How to Care for a Pothos Plant: The Perfect Houseplant for Gardening Beginners

The beautiful pothos plant is one of the most popular houseplants around.

Known for its vining leaves that can withstand some serious neglect, the pothos plant is the plant I recommend most to gardening beginners who want to ease into growing plants.

Once you know how to care for a pothos plant, it’ll grow for you for years and even decades to come!

How to Care for a Pothos Plant

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Why You Should Grow a Pothos Plant

My mom has a large pothos plant that she’s had for over three decades. She loves that plant so much and she loves to tell people how long she’s had it.

She always says something like, “I’ve had my pothos plant longer than I’ve had my 3 adult kids!” lol.

These plants have some serious longevity. She bought it when it was a tiny little plant and now it’s several feet long and drapes down to the floor.

Pothos, also known as Devil’s Ivy, is practically foolproof.

Even though it’s so beautiful, it’s a low-maintenance perennial plant that doesn’t require a lot of attention from its grower. It’s essentially a very independent plant.

To properly care for a pothos plant, you need to provide it with a good pot that has a drainage hole, indirect sunlight, and a little water every now and then.

This means you can grow a beautiful plant with very little effort on your part, and THAT’s why every gardening beginner should start out with a pothos plant. 

It’s not just easy to grow, however. Its dark green, heart-shaped leaves can beautify the dullest area of your house.

Stick it in a boring area of your house and watch it come alive!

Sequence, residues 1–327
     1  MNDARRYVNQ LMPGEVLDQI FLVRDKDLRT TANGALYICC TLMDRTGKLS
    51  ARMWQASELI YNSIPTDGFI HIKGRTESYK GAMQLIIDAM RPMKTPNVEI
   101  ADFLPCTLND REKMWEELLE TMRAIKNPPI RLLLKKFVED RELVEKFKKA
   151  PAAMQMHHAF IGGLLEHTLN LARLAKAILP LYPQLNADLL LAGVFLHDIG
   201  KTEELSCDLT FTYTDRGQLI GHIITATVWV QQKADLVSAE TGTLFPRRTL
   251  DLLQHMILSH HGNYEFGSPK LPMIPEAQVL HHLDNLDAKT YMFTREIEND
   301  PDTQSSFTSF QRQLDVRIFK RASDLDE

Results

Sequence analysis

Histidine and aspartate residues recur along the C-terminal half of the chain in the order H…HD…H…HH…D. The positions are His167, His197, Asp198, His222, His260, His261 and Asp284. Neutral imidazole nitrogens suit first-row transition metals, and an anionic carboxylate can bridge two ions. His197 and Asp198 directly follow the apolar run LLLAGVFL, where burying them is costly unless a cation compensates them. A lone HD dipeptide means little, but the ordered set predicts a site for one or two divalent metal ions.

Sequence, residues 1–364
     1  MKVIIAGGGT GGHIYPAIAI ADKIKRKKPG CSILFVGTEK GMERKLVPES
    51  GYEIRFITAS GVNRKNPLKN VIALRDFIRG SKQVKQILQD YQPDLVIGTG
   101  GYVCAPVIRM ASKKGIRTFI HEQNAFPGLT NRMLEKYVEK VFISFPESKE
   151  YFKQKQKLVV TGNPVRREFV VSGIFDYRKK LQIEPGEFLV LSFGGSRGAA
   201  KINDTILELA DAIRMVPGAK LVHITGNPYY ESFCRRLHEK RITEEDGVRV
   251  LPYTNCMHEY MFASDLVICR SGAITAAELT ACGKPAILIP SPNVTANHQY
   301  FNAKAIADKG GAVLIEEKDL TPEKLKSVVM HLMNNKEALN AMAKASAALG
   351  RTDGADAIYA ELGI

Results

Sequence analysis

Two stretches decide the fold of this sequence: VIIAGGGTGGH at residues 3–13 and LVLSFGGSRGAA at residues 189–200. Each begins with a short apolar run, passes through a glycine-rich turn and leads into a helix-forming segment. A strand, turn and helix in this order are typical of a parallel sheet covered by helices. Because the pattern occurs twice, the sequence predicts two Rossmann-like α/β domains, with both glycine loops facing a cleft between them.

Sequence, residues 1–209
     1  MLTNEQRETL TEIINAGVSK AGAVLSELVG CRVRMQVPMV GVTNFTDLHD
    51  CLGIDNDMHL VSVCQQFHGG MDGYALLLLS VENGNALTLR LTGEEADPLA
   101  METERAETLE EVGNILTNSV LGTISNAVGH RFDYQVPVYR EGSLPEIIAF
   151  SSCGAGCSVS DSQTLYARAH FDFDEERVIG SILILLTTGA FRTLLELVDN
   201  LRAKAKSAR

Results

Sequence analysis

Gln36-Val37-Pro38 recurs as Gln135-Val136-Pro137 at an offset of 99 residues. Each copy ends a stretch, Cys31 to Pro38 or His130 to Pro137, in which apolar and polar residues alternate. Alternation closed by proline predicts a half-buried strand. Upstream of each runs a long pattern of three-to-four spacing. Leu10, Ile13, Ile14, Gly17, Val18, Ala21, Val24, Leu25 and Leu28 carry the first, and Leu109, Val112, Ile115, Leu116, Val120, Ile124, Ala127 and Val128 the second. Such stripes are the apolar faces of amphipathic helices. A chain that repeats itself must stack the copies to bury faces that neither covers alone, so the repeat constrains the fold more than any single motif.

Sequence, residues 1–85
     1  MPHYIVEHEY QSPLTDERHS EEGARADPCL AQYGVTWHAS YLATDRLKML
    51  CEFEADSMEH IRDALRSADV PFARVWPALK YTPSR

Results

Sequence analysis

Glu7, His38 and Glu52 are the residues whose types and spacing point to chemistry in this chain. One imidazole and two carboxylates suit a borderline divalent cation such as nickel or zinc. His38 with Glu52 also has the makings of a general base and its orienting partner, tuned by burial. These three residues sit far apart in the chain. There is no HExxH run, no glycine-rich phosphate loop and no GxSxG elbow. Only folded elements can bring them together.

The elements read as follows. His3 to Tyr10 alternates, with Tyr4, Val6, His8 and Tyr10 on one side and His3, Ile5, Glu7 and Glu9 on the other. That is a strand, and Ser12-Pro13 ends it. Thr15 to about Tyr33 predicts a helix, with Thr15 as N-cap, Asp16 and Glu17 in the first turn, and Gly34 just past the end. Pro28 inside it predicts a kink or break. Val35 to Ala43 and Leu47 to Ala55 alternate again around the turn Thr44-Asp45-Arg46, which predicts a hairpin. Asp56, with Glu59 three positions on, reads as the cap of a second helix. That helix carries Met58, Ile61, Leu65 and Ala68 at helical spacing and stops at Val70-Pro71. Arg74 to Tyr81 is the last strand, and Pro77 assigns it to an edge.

Plus, it’s an air purifier. That’s right, one of the best reasons to grow houseplants is that they remove airborne pollutants.

It’s probably what attracts me the most about growing an indoor garden. A free and natural air-purifier? Sign me up.

(*You should know, however, that pothos plants are toxic if consumed, so keep it away from your precious pets!)

If you’ve been gardening for several seasons now and live in a climate, house plants give you the opportunity to keep your gardening passion alive for the entire year.

By growing pothos indoors, you’ll be able to satisfy your love of taking care of a plant and you’ll get to see it flourish throughout the seasons.

If you purchase a potted pothos plant that has already begun to grow (which is what I recommend) you can enjoy it as soon as you bring it home.

What Type of Container and Soil Should You Use For a Pothos Plant?

Pothos plants aren’t fussy so you can use any container you want as long as it has a drainage hole at the bottom.

A drainage hole is crucial to successfully grow pothos – it what will prevent the roots of your plant from rotting!

If you purchased a potted pothos plant that has already begun to vine, don’t worry about repotting.

Pothos plants don’t need to be repotted unless the roots have grown so large that they’re preventing water from pouring out through the drainage hole.

Pothos plants actually thrive in smaller containers and can grow several feet of vine without being transferred to a larger pot.

Smaller pots will also help contain the plant so it doesn’t grow overabundantly.